Why You Should Adopt a Pet from an Animal Shelter or Breed Rescue Group

Adopting an animal is an exciting time for a household.  There are many different places that animals can be found, but the absolute best choice would be an animal shelter or breed rescue group.  Every year over 4 million dogs and cats are euthanized for no other reason that the fact that there are not enough homes available for all of them.

This problem has become bigger in large part because of three main reasons: First, puppy mills which breed animals only for the money they can make without any regard for the health and well being of the animals; second, individuals who decide to breed their own animals to make money and; third, individuals who do not spay or neuter their animals, and carelessly let their animals breed and produce litters.  Animal shelters are often filled to capacity for these reasons.  By adopting an animal from a shelter or rescue group, you are helping to solve the pet overpopulation problem.

Some people believe that an animal shelter will not have a particular breed type, but shelters often have purebred animals if that is what you are looking for.  The process may take longer if you are looking for a purebred animal, but often the breed you are looking for will be turned over to a shelter at some point if you are patient.  There are also breed rescue groups for almost every breed of animal.  A list of these groups can be found through your local animal shelter, or you can find them online by searching for whatever breed you are interested in.  Be sure to include the words "rescue group" in your search criteria.  Also remember that mixed breed animals make wonderful pets, so do not rule out adopting a mixed breed even if you are set on adopting a purebred animal.

You have finally found the perfect pet from a shelter or rescue group and you are still wondering what you can do to help put an end to the pet overpopulation problem.  Here are some things you can do to continue to help.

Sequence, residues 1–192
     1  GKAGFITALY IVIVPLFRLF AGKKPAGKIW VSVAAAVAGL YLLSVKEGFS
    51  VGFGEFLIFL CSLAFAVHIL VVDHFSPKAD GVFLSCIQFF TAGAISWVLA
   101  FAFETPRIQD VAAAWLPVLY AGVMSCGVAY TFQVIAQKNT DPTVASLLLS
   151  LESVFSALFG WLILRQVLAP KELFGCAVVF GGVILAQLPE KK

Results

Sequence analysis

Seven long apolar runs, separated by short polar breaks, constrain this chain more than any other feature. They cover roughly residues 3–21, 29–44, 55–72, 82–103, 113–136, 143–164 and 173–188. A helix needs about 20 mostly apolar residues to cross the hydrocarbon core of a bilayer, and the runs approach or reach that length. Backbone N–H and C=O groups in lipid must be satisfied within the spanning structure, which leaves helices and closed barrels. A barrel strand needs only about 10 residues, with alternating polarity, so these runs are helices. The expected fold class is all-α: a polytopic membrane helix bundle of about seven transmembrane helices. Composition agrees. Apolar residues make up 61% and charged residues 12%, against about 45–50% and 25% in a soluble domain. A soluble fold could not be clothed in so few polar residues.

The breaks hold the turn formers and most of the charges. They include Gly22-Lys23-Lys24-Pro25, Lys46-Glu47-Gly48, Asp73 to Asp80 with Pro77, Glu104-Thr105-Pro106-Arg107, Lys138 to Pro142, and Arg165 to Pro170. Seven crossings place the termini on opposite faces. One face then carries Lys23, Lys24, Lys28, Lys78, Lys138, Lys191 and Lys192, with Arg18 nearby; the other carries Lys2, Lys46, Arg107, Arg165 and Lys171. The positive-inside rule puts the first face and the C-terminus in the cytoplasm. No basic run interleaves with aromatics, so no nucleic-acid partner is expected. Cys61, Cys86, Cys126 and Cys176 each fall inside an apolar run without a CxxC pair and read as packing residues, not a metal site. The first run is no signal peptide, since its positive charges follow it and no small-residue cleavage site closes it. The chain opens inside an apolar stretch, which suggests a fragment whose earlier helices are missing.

Please have your pet spayed or neutered.  Most shelters will do this as part of your adoption fee, but if for some reason the animal you get has not been fixed, please have this done.  There are often lower cost spay/neuter clinics provided to the public several times a year, so there is no excuse not to spay or neuter your animal.

Another thing you can do is shop your conscience by only shopping at pet supply stores that do not sell live animals.  If your local pet shop does sell live animals, let them know how you feel about this problem.  If puppy mill breeders have trouble selling their animals to pet shops they will no longer want to be in this business.

Also, please consider you newly adopted pet as a member of your family.  Too many people decide to get an animal and then find out the situation does not work for them.  Please do your homework before you make this decision so you are not in the position of having to turn your animal over to a shelter because you did not thoroughly understand the commitment.

By adopting your animal from a shelter or breed rescue group you can feel good about helping solve an enormous problem and know that you are part of the solution.

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Posted on Nov 11, 2010